U.S. President George W. Bush issued formal invitations on Tuesday to the Middle East peace conference his country will host in Annapolis next week, Palestinian and Israeli officials said.
The Nov. 27 conference in Maryland is intended to re-launch negotiations between Israel and the Palestinians with a view to reaching an agreement on establishing a Palestinian state, possibly before Bush steps down in 14 months.
Palestinian president Mahmud Abbas was handed an invitation for the meeting by the U.S. consul general in east Jerusalem, his spokesman told AFP.
"President Abbas received the invitation," Nabil Abu Rudeina said.
The Palestinians were the first government to announce that it had received an invitation for the conference, which Bush called in July hoping to revive peace talks after a seven-year freeze.
Bush on Tuesday telephoned Saudi King Abdullah to discuss the Middle East, the state SPA news agency reported, as Washington began issuing invitations for the peace conference.
The two leaders discussed relations between the close allies, as well as "regional and international developments, chiefly events in the Middle East," SPA said without elaborating.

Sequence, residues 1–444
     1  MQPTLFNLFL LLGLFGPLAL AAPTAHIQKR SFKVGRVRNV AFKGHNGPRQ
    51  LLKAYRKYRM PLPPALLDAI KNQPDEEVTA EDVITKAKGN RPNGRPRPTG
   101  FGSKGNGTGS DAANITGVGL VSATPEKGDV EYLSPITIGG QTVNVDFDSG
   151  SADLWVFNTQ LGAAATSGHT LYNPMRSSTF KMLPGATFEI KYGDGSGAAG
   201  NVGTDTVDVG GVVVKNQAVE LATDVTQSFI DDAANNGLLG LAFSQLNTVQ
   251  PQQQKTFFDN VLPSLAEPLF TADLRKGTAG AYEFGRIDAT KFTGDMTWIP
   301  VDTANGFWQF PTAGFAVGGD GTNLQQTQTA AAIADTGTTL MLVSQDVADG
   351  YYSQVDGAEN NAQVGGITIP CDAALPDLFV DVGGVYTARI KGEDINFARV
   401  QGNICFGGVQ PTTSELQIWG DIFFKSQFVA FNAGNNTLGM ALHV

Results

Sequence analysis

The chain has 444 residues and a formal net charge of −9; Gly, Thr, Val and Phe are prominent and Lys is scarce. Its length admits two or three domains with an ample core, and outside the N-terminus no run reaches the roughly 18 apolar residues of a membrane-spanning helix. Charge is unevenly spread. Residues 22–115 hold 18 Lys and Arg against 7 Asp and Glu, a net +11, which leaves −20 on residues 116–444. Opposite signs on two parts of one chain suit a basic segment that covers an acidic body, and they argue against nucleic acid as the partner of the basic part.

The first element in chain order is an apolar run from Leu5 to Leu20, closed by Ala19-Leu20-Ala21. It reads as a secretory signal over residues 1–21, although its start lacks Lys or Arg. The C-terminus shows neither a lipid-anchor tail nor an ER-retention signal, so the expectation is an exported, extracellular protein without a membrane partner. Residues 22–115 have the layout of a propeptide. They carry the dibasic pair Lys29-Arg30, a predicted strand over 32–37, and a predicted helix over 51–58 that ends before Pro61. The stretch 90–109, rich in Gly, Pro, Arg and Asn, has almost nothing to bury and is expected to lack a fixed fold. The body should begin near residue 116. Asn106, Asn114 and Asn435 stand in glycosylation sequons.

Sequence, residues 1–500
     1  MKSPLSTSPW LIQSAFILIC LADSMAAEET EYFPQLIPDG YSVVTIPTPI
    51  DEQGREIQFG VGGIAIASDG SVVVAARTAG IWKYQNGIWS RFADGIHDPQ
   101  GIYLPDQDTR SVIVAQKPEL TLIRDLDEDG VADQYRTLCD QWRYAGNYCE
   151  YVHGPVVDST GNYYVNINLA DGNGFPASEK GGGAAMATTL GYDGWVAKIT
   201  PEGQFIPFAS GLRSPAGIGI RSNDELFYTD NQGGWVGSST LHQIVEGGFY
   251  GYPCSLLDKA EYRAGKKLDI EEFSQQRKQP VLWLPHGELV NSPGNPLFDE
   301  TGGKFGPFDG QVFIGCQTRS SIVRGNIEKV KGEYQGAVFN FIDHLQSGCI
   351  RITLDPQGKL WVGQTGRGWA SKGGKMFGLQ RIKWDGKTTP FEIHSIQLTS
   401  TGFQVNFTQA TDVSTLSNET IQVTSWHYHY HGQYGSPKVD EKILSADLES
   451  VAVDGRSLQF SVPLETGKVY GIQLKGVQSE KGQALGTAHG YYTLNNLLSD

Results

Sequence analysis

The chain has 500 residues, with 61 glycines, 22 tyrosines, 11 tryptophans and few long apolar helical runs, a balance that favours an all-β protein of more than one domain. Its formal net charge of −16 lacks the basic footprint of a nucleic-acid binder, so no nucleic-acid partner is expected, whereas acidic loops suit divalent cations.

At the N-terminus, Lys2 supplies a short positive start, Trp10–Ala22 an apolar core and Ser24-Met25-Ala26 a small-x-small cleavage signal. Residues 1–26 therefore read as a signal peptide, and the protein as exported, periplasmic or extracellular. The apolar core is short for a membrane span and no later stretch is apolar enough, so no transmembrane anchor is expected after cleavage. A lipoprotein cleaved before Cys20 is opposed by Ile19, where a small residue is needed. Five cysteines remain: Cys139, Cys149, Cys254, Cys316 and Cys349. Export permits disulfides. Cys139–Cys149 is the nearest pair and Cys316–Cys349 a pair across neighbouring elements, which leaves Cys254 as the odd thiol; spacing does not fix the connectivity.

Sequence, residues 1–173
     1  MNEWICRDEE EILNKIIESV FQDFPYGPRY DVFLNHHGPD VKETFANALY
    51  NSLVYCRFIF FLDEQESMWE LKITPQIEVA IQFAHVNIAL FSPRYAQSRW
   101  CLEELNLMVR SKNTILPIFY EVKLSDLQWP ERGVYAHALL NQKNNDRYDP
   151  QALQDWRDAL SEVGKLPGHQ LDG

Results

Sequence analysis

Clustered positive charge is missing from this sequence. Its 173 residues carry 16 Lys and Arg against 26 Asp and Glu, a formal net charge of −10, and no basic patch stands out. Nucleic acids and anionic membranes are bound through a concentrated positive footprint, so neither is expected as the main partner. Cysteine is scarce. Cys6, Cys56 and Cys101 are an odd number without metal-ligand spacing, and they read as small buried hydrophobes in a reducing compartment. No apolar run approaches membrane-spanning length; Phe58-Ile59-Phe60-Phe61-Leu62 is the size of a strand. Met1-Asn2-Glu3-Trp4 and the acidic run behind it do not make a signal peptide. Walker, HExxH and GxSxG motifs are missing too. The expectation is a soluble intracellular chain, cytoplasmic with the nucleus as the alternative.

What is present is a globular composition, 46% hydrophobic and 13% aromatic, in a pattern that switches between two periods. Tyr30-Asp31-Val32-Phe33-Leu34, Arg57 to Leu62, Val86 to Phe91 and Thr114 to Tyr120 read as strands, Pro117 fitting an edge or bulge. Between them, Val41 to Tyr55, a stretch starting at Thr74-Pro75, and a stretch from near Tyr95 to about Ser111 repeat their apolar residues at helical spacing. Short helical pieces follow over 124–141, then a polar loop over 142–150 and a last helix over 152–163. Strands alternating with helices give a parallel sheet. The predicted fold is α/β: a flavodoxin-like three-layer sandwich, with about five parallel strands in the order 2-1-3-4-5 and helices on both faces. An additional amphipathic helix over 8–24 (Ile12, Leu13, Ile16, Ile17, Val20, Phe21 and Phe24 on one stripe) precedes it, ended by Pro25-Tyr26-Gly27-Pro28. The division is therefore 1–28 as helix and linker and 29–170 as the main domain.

Also Israeli Prime Minister Ehud Olmert received an official invitation from Bush to attend the conference, his spokeswoman told AFP.
"Mr Olmert has received the invitation to take in next week's meeting in Annapolis" outside Washington, Miri Eisin told AFP.
He received the invitation on his return from talks with Egyptian President Hosni Mubarak in the Red Sea resort of Sharm el-Sheikh, she added.
Israeli and Palestinian officials and U.S. diplomats working closely with them have yet to produce even an agreement on roughly how such negotiations are likely to proceed following the conference next Tuesday.
Iranian President Mahmoud Ahmadinejad lashed out at the U.S. meeting, saying it would "result only in losses for the Palestinians", as Syria reiterated it would stay away unless the return of the Israeli-occupied Golan Heights was on the agenda.